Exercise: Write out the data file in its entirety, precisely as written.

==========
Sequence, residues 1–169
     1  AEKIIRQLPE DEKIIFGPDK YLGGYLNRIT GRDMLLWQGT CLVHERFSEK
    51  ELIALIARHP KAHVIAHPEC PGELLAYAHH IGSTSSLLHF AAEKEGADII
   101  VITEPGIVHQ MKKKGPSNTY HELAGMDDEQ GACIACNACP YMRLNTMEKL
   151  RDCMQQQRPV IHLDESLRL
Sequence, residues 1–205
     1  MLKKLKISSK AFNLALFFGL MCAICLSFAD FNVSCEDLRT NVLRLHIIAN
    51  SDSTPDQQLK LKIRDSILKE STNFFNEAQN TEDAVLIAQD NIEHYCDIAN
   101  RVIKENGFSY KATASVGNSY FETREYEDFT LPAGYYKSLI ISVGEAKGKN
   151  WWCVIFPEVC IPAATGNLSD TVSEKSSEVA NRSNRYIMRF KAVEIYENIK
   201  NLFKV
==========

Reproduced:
Sequence, residues 1–169
     1  AEKIIRQLPE DEKIIFGPDK YLGGYLNRIT GRDMLLWQGT CLVHERFSEK
    51  ELIALIARHP KAHVIAHPEC PGELLAYAHH IGSTSSLLHF AAEKEGADII
   101  VITEPGIVHQ MKKKGPSNTY HELAGMDDEQ GACIACNACP YMRLNTMEKL
   151  RDCMQQQRPV IHLDESLRL
Sequence, residues 1–205
     1  MLKKLKISSK AFNLALFFGL MCAICLSFAD FNVSCEDLRT NVLRLHIIAN
    51  SDSTPDQQLK LKIRDSILKE STNFFNEAQN TEDAVLIAQD NIEHYCDIAN
   101  RVIKENGFSY KATASVGNSY FETREYEDFT LPAGYYKSLI ISVGEAKGKN
   151  WWCVIFPEVC IPAATGNLSD TVSEKSSEVA NRSNRYIMRF KAVEIYENIK
   201  NLFKV